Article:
We develop efficient robust numerical methods and software to solve convex optimization problems resulting from control applications. This includes development of Interior Point Method (IPM) algorithms and Multi-Parametric Programming (MPP) methods.Currently we are developing a real-time Primal-Dual IPM algorithms and software for the solution of Second-Order-Cone-Programming (SOCP) problems. Our software is also used to solve the fuel optimal large divert maneuver guidance problem to enable planetary precision landing, which was tested by JPL and NASA Flight Opportunities Program in 2012 and 2013 on a test vehicle, “Xombie”, which is built by Masten Aerospace Systems.

Relevant Media

- TRN (Terrain Relative Navigation)/G-FOLD (Guidance for Fuel Optimal Large Divert): test flight demonstrating onboard autonomous vision based navigation together with real-time op- timization based control, 2014.
- 800 m Divert flight testing of G-FOLD (Guidance for Fuel Optimal Large Divert): Convex optimization based Guidance algorithm for Fuel Optimal Large Divert, 2013.
- 750 m Divert flight testing of G-FOLD (Guidance for Fuel Optimal Large Divert): Convex optimization based Guidance algorithm for Fuel Optimal Large Divert, 2012.
- 650 m Divert flight testing of G-FOLD (Guidance for Fuel Optimal Large Divert): Convex optimization based Guidance algorithm for Fuel Optimal Large Divert, 2012.
- 500 m Divert flight testing of G-FOLD (Guidance for Fuel Optimal Large Divert): Convex optimization based Guidance algorithm for Fuel Optimal Large Divert, 2012.

Convexification of Control Problems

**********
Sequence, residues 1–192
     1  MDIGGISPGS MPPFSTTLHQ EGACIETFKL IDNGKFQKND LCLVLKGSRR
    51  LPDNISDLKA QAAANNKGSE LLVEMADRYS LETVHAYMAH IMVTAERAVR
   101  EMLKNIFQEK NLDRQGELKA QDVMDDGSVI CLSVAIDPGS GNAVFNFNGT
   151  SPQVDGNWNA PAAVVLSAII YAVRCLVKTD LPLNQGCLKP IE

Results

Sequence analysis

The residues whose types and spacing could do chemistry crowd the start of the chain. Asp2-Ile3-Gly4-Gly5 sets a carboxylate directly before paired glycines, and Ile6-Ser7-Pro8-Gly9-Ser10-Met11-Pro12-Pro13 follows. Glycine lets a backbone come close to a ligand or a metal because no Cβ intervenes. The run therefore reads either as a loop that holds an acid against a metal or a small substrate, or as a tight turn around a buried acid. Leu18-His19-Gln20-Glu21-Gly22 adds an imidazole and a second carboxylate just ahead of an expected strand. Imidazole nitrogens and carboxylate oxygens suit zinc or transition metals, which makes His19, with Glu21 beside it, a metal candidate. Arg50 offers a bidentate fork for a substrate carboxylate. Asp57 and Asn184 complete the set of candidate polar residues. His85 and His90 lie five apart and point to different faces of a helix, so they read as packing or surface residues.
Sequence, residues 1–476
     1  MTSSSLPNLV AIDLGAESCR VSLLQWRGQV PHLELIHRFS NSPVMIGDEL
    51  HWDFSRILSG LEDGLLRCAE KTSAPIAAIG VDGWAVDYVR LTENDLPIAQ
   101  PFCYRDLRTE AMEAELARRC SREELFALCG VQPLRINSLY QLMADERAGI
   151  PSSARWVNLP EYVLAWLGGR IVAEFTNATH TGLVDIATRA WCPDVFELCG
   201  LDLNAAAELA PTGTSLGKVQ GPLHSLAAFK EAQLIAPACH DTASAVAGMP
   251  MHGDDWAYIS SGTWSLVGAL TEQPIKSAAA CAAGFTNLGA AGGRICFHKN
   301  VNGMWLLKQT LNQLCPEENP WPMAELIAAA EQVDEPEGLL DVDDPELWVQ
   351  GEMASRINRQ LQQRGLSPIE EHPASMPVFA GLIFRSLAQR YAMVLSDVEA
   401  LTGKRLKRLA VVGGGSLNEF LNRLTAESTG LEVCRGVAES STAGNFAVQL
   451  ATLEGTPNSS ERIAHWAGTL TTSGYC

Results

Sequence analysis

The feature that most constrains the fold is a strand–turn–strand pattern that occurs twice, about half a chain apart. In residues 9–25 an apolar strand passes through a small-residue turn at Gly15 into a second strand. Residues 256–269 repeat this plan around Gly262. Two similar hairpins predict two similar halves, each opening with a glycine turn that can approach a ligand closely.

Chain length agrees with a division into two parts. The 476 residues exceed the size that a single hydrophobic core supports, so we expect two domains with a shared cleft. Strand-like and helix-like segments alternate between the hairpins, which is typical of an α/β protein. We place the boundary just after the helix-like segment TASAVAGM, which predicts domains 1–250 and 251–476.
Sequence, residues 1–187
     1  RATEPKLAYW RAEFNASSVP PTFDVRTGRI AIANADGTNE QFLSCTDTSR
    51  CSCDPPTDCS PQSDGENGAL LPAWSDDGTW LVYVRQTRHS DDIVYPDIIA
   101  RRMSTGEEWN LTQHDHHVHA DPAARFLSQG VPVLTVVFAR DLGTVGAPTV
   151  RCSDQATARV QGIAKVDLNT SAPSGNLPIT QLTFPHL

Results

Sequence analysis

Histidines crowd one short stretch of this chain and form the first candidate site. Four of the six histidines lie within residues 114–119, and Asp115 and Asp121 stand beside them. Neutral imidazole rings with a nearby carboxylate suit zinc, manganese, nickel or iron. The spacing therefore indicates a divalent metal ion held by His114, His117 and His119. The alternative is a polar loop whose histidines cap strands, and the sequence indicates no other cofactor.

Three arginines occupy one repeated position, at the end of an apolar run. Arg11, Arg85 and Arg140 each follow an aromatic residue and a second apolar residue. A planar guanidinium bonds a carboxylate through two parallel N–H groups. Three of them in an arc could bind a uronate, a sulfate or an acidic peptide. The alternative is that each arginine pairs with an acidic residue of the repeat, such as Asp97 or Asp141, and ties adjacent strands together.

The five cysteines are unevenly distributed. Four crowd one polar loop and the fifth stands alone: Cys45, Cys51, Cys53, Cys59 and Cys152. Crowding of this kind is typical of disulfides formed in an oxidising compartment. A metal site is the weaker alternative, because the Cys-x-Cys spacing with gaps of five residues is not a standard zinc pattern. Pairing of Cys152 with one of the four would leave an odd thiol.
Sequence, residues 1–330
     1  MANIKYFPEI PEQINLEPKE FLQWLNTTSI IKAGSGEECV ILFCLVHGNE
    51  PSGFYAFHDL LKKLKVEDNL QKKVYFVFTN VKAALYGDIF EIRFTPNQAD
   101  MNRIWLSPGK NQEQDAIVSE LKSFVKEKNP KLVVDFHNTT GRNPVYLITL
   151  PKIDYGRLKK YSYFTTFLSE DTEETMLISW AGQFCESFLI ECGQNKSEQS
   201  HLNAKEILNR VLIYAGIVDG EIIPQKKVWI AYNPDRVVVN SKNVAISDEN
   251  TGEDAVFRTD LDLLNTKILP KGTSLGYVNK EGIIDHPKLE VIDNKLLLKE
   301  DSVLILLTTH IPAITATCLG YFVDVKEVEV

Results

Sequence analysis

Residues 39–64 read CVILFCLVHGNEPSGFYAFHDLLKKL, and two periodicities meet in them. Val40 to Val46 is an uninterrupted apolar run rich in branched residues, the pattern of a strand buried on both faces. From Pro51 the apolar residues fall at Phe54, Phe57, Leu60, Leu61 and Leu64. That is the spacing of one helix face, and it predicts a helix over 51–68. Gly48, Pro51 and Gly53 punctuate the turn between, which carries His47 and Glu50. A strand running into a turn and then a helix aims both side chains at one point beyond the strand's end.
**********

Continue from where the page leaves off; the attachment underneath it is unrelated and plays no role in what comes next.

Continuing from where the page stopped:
Convexification is to express control problems as convex optimization problems, so that their solution becomes tractable, hence can be automated. This allows us to solve complex control problems very efficiently, potentially in real-time. Hence it enables control of autonomous systems and it automates the control design processes allowing us to evaluate a wide range of design options.

The above videos of rocket test flights with JPL and Masten Aerospace are examples of convexification and real-time optimization based control. Following are further examples of these ideas and methods in test flights with our custom built quad-rotor in our lab.

- Flying the vertices of a 2-D 1 sec reachability set:

The 2-D planar reachability set of the quad-rotor from a fixed initial position and velocity is computed, with a fixed time horizon of 1 sec. Then the corresponding trajectories to the vertices of this polytope are generated onboard in real-time and flown by the quad-rotor. All trajectories are generated onboard in real-time by using our in-house developed IPMs. - Computing trajectories with non-convex thrust constraints:

The thrust vector leaves in a non-convex region due to lower bounds on the thrust vector magnitude and the pointing angle. As the time of flight is reduced, the trajectory becomes increasingly more aggressive, causing the flipping of the quad-rotor to utilize non-convex thrust region available to the fullest. All trajectories are generated onboard in real-time by using our in-house developed IPMs. - Collision avoidance with fixed obstacles:

The collision avoidance constraints are convexified via generating a succession of trajectories (successive convexification). All trajectories are generated onboard in real-time by using our in-house developed IPMs. - Collision avoidance with changing obstacles:

Same algorithm is applied to a scenario where the obstacle locations are changed during the flight experiment.